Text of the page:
May I suggest that you watch two films, originally aired at the Sundance FilmFestival. First there is “Chasing Ice” (2014) about the effects of climate change on glaciers; the second is “Chasing Coral” (2017) about the effects of climate change on coral reefs all over the world. Both are stunningly beautiful films, well worth the time to watch them. I suggest seeing them on a large screen, although you can also see them from on-line sources.
Did you know that most of the coral reefs off the coast of Florida are now dead? Perhaps some guests at your resorts have complained about their experiences with diving recently. Did you know that this affects the fisheries of Florida? That’s an industry that creates jobs in a place that is important to you.
I am very saddened that Mr. Pruitt is now head of the EPA. You do know that the Supreme Court ruled that creating regulations intended to mitigate climate change IS a threat to public health and safety and therefore part of the mandate of the EPA, correct? Clean air means just the absence of particulate matter, but the correct amount of carbon dioxide, methane and other greenhouse gases.
I get worried when I hear ideas floated about things like removing responsibility for monitoring climate change from NASA. NASA is the only agency that has the capability to monitor the whole earth. Good scientific data is crucial for making good policy. Not measuring or monitoring will not make the problem go away. That’s the old head in the sand way of dealing with a problem. It will only make the problem get worse because of ignoring it for too long a time.
You must not cut funding for scientists, public and private, who study climate change in any discipline. You must not constrain scientists from consulting with each other from all over the world. You must make all scientific data and results publically available for any scientist … even grade school aged ones … to perform secondary analyses. And you must pay attention to what the scientists say we need to do in the real world to keep us from disaster.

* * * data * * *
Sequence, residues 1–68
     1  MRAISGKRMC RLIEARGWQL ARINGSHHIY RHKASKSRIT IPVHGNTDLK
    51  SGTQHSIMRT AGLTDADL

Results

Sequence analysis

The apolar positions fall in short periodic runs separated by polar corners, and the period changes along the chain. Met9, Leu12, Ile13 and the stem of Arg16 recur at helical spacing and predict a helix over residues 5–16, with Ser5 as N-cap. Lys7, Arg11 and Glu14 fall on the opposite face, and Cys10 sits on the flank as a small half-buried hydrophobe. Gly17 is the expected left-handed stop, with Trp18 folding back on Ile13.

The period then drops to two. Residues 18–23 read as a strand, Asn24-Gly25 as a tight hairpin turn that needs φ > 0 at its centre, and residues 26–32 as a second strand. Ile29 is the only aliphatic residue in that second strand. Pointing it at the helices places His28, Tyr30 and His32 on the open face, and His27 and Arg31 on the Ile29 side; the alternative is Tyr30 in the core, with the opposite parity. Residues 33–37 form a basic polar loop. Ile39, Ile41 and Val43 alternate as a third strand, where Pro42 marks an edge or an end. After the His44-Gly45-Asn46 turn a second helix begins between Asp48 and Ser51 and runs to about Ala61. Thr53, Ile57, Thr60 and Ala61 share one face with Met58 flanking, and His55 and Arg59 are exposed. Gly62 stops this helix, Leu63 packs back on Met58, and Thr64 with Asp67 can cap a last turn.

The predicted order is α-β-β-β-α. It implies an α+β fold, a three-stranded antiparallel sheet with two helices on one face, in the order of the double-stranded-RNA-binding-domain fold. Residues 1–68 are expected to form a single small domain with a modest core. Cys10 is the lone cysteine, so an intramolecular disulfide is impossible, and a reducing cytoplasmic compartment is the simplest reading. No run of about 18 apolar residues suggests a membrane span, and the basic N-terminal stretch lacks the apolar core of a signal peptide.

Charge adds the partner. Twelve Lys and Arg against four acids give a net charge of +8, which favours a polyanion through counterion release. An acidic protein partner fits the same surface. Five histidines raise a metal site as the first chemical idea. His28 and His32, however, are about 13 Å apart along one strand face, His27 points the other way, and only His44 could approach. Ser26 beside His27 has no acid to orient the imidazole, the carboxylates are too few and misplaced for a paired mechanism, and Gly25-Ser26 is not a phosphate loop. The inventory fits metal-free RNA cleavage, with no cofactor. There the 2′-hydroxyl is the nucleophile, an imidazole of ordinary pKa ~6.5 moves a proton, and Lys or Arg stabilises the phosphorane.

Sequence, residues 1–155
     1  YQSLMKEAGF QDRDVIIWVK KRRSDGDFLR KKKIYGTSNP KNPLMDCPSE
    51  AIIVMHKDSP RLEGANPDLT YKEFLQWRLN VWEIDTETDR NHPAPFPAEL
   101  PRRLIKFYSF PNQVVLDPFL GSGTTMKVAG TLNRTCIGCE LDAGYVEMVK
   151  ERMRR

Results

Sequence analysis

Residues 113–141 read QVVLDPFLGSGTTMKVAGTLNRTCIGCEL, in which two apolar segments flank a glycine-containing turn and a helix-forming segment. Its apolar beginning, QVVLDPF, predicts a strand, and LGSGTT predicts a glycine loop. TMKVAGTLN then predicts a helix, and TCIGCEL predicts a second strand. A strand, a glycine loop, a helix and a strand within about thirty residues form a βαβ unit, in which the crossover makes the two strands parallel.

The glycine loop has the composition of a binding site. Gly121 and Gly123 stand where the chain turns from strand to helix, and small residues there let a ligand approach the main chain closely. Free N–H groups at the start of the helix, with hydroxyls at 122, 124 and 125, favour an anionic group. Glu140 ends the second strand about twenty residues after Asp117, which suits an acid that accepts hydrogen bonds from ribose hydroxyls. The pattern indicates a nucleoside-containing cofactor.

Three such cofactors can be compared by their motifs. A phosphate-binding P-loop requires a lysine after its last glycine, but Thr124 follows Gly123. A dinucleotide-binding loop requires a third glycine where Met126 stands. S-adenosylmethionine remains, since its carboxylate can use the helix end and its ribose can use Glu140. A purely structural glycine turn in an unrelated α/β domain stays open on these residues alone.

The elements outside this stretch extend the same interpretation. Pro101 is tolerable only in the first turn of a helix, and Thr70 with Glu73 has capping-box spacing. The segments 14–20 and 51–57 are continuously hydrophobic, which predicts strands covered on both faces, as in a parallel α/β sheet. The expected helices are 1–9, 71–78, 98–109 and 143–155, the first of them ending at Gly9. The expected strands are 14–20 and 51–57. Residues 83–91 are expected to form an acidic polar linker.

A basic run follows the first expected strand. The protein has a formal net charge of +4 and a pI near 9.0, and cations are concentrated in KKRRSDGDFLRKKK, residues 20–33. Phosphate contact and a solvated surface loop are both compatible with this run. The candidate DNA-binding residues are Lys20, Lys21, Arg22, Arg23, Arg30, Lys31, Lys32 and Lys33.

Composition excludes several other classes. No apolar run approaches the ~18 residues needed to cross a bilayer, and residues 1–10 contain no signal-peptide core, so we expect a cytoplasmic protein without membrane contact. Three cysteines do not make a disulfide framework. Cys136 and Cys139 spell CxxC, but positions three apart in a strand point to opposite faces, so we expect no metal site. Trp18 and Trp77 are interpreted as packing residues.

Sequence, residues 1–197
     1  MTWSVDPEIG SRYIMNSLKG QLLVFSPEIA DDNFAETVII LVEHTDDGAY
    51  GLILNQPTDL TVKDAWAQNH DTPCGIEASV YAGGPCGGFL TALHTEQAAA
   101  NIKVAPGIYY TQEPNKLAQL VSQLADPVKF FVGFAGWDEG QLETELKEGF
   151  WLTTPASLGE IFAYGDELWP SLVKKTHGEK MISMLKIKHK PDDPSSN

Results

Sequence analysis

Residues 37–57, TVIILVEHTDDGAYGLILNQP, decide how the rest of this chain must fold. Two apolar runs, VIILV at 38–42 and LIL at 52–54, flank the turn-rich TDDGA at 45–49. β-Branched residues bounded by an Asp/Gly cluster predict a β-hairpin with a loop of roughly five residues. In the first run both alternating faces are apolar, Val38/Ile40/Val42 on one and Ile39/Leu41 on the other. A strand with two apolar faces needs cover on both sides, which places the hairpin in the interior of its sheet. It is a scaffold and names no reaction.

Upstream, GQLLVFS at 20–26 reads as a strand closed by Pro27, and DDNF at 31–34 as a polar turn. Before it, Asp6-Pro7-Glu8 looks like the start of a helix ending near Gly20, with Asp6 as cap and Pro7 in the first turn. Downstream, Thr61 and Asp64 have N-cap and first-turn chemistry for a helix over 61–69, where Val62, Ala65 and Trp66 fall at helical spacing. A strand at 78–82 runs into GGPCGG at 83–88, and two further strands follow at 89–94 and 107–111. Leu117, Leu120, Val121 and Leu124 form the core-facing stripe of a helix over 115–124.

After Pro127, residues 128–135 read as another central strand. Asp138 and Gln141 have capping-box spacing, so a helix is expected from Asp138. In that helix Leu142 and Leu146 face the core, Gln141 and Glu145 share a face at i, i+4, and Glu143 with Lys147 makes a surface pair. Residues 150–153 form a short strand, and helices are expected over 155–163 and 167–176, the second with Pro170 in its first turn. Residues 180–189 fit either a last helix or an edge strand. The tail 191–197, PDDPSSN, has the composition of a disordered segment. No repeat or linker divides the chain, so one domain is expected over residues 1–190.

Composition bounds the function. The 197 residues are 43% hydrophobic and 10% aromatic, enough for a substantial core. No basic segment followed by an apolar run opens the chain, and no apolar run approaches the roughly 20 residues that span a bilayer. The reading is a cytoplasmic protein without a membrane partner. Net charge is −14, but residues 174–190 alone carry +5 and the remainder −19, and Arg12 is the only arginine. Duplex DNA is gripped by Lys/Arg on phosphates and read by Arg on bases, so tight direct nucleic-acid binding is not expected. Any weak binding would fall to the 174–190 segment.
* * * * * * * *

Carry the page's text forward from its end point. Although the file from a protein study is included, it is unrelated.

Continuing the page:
I’m sure that science is not really your thing. You probably did not study it very much back when you were a student. That’s all right. All you have to do is to recognize the importance of the work that scientists do and to get out of their way.
Just so you know, I’ll be in Washington DC on Earth Day this year. I’ll be taking part in the March for Science. I’m not a paid agitator. In fact this is costing me a fair bit of money. Hotels are expensive in Washington. But it’s important to me to take part in this peaceful expression of political views. The people who will be with me are your constituents too.
I can see now that I will need to be in this for the long haul. Becoming active in the political sphere was actually not a part of my plans for what I would be doing in retirement. But I can see that it’s necessary. I’m in good health with plenty of patience and stamina. You’ll be hearing from me again and again.